Saturday, 26 December 2009

Cretacolor Graphite Pencil: Koh-I-Noor Diamond and Monoliths

Made of the finest graphite of English Cumberland or of the purest Siberian lead? Joseph Hardtmuth had a third answer: Oriental graphite. In 1790 Hardtmuth produced the first pencil leads made of a mixture of graphite and clay in his factory in Vienna, Austria. And in 1893 his Koh-I-Noor pencil, named after the legendary diamond, was exhibited at the Columbian Exposition meeting with great acclaim thereafter.



The Koh-I-Noor's name and its distinctive colour - yellow - carried connotations to the Orient in keeping with the era's fascination with all things oriental and their mysteries. Koh-I-Noor eventually became the name of a pencil factory opened in New Jersey in 1919. Timberlines blog has a interesting post about the history of the company and brand: L & C Hardtmuth, Koh-I-Noor: A Diamond in the Rough. The Hardtmuth Koh-I-Noor company was taken over by Cretacolor in 1996.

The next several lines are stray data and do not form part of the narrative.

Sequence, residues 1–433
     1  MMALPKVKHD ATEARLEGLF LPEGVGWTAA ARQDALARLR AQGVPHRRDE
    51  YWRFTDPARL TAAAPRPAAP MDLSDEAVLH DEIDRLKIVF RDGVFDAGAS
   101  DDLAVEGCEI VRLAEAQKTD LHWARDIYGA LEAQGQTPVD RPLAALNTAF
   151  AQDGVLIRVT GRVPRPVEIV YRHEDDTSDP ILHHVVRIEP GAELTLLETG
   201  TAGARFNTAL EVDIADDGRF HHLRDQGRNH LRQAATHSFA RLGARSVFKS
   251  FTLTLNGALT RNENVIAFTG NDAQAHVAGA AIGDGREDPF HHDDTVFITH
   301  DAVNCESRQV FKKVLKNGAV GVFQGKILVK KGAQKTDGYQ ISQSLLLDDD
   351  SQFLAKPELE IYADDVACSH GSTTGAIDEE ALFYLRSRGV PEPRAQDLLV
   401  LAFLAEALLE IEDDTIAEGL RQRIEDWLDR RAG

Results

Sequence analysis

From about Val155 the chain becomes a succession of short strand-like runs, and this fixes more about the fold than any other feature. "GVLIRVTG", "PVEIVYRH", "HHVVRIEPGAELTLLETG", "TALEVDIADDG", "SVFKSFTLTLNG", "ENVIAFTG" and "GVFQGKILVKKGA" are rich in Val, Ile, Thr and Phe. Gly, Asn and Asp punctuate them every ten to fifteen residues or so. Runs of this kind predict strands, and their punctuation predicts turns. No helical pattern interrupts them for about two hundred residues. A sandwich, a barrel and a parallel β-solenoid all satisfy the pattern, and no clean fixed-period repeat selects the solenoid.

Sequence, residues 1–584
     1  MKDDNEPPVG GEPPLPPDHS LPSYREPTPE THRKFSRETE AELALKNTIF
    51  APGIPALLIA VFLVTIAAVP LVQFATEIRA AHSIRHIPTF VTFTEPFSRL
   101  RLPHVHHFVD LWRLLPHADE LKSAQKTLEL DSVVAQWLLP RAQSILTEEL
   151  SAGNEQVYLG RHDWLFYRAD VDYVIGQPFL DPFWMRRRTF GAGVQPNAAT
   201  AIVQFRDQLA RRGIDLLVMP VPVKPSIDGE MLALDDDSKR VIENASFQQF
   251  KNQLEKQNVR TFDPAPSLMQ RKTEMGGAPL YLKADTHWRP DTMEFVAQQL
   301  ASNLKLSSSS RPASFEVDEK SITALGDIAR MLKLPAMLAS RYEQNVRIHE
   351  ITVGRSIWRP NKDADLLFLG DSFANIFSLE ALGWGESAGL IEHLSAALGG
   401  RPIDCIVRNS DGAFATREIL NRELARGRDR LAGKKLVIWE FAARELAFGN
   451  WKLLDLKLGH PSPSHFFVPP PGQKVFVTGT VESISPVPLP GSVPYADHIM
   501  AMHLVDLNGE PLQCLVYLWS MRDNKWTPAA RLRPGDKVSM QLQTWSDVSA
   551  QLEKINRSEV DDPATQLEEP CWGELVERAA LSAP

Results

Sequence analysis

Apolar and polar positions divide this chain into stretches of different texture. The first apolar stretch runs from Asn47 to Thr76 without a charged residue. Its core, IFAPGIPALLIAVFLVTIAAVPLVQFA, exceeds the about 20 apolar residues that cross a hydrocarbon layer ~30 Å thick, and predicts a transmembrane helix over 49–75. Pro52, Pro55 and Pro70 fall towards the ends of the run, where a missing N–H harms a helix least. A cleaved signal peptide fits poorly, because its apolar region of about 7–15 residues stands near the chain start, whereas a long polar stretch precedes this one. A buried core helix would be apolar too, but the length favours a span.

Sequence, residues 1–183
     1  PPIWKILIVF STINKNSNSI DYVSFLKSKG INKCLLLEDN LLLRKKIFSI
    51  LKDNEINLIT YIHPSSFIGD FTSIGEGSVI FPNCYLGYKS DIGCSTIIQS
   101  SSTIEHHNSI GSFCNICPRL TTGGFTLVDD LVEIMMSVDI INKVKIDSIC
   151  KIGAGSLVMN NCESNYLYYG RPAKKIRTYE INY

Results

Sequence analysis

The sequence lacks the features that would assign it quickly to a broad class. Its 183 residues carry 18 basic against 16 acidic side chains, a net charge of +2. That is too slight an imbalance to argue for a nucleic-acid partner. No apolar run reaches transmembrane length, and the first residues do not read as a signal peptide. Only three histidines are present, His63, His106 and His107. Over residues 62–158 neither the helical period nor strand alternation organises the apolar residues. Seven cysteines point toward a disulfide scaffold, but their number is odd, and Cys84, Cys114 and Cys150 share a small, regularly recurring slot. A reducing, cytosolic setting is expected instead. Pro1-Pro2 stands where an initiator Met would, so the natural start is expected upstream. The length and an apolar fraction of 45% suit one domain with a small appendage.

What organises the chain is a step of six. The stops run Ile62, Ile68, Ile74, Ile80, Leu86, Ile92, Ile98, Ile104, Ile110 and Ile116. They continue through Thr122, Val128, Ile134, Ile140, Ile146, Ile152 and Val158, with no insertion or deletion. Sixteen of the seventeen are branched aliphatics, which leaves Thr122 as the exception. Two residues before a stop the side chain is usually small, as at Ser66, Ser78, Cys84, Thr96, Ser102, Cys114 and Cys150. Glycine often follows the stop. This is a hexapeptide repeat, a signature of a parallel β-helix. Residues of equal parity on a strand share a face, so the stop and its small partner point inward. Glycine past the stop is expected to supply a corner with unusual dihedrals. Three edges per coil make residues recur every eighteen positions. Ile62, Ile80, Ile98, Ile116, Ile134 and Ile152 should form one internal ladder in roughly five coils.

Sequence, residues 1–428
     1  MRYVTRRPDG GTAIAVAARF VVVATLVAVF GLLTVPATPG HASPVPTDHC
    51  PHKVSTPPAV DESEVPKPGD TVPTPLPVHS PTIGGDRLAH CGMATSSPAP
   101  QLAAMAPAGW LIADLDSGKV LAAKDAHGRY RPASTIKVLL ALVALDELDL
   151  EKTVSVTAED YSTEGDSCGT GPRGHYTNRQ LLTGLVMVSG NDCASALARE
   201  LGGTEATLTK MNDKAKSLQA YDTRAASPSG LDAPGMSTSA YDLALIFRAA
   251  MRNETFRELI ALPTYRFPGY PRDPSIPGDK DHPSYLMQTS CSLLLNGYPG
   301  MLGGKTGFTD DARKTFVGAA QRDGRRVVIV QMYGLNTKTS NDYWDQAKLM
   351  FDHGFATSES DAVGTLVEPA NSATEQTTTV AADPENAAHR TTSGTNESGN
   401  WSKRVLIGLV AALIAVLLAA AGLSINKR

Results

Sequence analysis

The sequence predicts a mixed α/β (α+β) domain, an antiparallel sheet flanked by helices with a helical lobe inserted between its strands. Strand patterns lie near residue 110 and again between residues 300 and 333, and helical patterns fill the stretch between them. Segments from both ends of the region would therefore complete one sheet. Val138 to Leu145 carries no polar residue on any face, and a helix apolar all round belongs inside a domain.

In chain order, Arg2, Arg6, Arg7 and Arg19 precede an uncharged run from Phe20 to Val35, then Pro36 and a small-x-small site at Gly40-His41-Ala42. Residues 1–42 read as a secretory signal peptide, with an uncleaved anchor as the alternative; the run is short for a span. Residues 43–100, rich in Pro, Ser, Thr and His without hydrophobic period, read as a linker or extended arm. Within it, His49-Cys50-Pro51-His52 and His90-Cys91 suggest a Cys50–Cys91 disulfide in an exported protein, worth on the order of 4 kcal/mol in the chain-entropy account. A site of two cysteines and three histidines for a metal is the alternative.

Cretacolor Monolith



Cretacolor Monolith is a unique graphite pencil. It consists of pure lead protected by a thin layer of varnish and is reassuringly heavy. A smooth cylindrical pleasure, grey, shimmering grey, the Monolith is a delight to the touch and performs wondrously. I tested the 4B grade for writing and sketching. The Monolith glides on the paper. Letters are of course not as crisp as with an HB for example and prone to smudge. But it is still a joy to use.

It is perhaps the Cretacolor Monolith's weight that places it a notch above the rest. Its smoothess is extraordinary and it can achieve fine and broad strokes equally well. The Monolith pencils were awarded the "Frankfurter messe" prize in 1999 by a international jury of design professionals.



Densities range from HB (medium) to 9B (extra soft).

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